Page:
Within the next year, a lot of men are going to be talking about hair. We are on the cusp of a revolution that, in crude, dollar terms, is going to rank somewhere between the Pill and the hair-coloring revolution for women. I am talking about minoxidil, the drug that cures baldness—or, more conservatively put, promotes hair growth.
In 1960 Nissan banished a rebellious executive to California. Once in the driver’s seat, Yutaka Katayama took off like nobody’s business
<p>Yutaka Katayama was sent to America in 1960 to handle Nissan’s first exports to that distant and pervasively rich land, not because he was a rising star but because he was in disgrace in Tokyo, and this assignment was a form of exile. What better place for a Japanese auto executive in disgrace than the world’s greatest center of automobile manufacturing, where success was dubious and failure highly likely? Katayama was a conservative man of upperclass origins, and his privileged childhood had made him somewhat different from other Japanese.</p>
After 14,860 yards, how much longer can Walter Payton run?
<p>One worries for Walter Payton. It’s February. Another football season has ended. It seems, on the surface at least, to have been his most rewarding year—a Super Bowl ring to complement another, by now routine, one-thousand-plus yards of rushing.</p>
Jane: When Dick left me, I got depressed. I mean really depressed. But now I’m going to a therapist and it’s been incredible. In my first session he said, “What do you want?” It was so brilliant, because you know what I realized? I didn’t know! I mean it was always Dick and Jane, Dick and Jane, never just Jane.
On the brink of greatness, William Hurt struggles to get free of his web
<p>“Look, I’m not a talented man,” says William Hurt. “You know it and I know it. ” “I don’t know it, ” I say. “Well, you should know it, ” says Hurt. “You’re not a talented man?” I press him. “Well, I’m not that talented a man,” he says. “Well then, what are you?” I ask.</p>
The adventure king stalks legitimacy in the wilds of Belize
<p>Harrison Ford stands in a cow pasture with the cockiness of a jock who hasn’t yet gone to seed: butt out, gut out, swaybacked, predatory in manner, bursting with health. He’s costumed with a certain perverse wit in baggy black chinos, old white sneakers, and a faded Hawaiian shirt sporting bucolic scenes of tropical life: outriggers pounding through the surf, hula girls rampant, huts on the beach.</p>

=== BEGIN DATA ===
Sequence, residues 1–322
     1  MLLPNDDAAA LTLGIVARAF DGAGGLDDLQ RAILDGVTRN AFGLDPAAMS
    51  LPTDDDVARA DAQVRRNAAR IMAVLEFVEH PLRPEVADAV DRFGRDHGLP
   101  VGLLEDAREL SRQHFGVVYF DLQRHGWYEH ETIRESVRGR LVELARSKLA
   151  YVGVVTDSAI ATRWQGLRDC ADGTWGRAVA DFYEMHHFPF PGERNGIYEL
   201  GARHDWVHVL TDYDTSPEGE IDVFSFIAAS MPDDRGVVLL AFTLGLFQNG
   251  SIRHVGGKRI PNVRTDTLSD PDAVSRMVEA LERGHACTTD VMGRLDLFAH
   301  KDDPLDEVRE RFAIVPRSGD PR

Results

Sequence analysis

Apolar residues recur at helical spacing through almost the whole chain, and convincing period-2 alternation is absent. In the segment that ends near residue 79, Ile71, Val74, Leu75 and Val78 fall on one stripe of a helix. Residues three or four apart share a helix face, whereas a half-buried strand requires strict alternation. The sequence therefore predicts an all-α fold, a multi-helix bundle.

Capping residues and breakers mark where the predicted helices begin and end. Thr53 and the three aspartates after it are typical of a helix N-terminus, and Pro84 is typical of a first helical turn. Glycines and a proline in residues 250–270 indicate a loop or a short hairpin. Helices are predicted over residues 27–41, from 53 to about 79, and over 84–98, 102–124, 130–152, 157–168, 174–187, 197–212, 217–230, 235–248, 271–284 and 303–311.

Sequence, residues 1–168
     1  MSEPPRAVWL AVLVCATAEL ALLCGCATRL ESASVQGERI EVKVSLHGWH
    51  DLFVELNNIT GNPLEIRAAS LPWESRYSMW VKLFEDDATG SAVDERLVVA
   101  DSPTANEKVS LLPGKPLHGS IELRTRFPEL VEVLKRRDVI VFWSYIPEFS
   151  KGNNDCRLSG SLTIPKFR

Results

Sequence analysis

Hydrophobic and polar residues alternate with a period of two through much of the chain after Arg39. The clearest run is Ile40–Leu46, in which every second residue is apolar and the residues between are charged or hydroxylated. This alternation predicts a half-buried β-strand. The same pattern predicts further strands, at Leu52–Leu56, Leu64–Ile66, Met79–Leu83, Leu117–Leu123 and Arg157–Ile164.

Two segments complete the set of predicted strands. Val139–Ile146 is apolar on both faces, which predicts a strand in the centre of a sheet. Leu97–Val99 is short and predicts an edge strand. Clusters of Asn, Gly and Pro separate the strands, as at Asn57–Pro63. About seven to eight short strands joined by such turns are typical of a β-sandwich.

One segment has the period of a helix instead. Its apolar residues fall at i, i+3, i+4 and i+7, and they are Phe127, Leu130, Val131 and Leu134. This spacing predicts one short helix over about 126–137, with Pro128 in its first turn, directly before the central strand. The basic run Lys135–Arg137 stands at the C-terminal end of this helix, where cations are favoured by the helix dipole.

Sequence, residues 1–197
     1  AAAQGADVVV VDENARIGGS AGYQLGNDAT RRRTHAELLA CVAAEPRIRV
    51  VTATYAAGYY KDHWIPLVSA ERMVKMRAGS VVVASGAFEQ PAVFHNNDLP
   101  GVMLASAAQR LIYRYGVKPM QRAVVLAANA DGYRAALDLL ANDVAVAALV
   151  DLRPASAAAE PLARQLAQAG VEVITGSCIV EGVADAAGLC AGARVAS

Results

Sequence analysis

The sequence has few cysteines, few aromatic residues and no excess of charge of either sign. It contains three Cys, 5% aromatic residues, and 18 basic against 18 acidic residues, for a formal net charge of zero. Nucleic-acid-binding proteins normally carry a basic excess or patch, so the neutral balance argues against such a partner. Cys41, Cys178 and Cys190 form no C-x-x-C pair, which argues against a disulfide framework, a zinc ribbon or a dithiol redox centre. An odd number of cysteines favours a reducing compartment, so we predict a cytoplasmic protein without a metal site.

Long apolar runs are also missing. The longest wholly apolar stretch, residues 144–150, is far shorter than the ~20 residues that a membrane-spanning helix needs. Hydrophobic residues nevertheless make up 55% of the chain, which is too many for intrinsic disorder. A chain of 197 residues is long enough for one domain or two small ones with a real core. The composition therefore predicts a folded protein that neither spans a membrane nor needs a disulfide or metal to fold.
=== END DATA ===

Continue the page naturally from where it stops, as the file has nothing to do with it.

<p>In Paris and New York, the sidewalk is sovereign—in London, the house. From the meanest public housing to the Queen’s palace, London is constantly teasing you with glimpses, real or imagined, into someone’s living room. It is the most private of the world’s capitals and the most public about its privacy.</p>
Carmel is picture perfect: storybook cottages, cypress trees, and a glorious wide-angle view of the Pacific. All Hollywood added was the mayor
Well, yeah,of course there’s a new mood here, just like you’d expect there would be. Folks eating the Calnouvelle down at the Rio Grill—there’s that little atavism now, the way they go tearing into those deftly arranged baby vegetables.
<p>SKIING THE JAPANESE ALPS An ancient Japanese proverb suggests that tasting something new grants the taster an extra seventy-five days of life. If new experiences count as much as new foods, then the life expectancy of those who partake of the Japan Ski Safari should extend at least an extra nine months.</p>
If you took Britain, kicked out the snobs, brought in a ton of sand and sunshine, and threw in a kangaroo, you’d have Australia, mate
<p>“In the pursuit of happiness for ordinary people Australians believe they are already ahead of America. ” —Donald Home, The Lucky Country Before they let you into Australia, they decontaminate you. The plane lands, the engines shut off, everyone is ordered not to move.</p>
Classy and comfortable, rugged and warm — clothes for those quiet, unpressured country weekends when there’s nothing but fish on the line
A. J. McClane
Arnold Gingrich’s dedication to angling was awesome. The former editor in chief of Esquire had a daily routine that delivered him to the New York office at 7:30 A.M. via bus and subway from New Jersey. I often had dinner with him at his home in Ridgewood.
<p>“Upscale economy”—that’s what business travelers demand these days: the pampering you’re used to at a price your company will pay. The travel industry is busting its budgets to make it seem as if you’re getting more for less. But are you? We’ll help you find the real deals and avoid the raw ones— and pick up some bonus miles in the process.</p>
Below the Brooklyn Bridge, tugs chum the East River. Directly underfoot, cars rumble to and from Brooklyn, and the exposed beams and bolts of the pedestrian trestle vibrate against your fingertips at the frequency of lower Manhattan. The Brooklyn Bridge is one of the few monuments that you look through—through the tower arches shaped like bishops’ miters, and the web-of-steel cables that lend a spider’s point of view to the Wall Street skyscrapers.
They were women left behind by their village husbands, men who sought work and fortune in America. They were widows with no one to mourn, whose aloneness brought them a new independence
<p>My mother had a cousin in Brooklyn who was a member of the Mafia, or so I always assumed because, though he never held a job, he invariably arrived at the Brooklyn home of my mother’s parents for holiday dinners driving a big new car and wearing silk suits and shirts adorned with diamond cuff links and stickpins—and tilted forward on his head was a black bulletproof hat, a bowler, that was lined with steel. </p>
<p>Snipe drove along through a ravine of mournful hemlocks, gravel snapping against the underside of the Peugeot. He had been driving for an hour, past trailers and shacks on the back roads, the yards littered with country junk—rusty oil drums, collapsed stacks of rotten boards, plastic toys smeared with mud, worn tires cut into petal shapes and filled with weeds.</p>
On June 6,1982, The New York Times Book Review asked a number of writers to describe their work in progress. I did not have a work in progress, only a contract for a work in progress, but no matter: if a writer is asked to describe a work in progress, perhaps the work in progress might actually progress.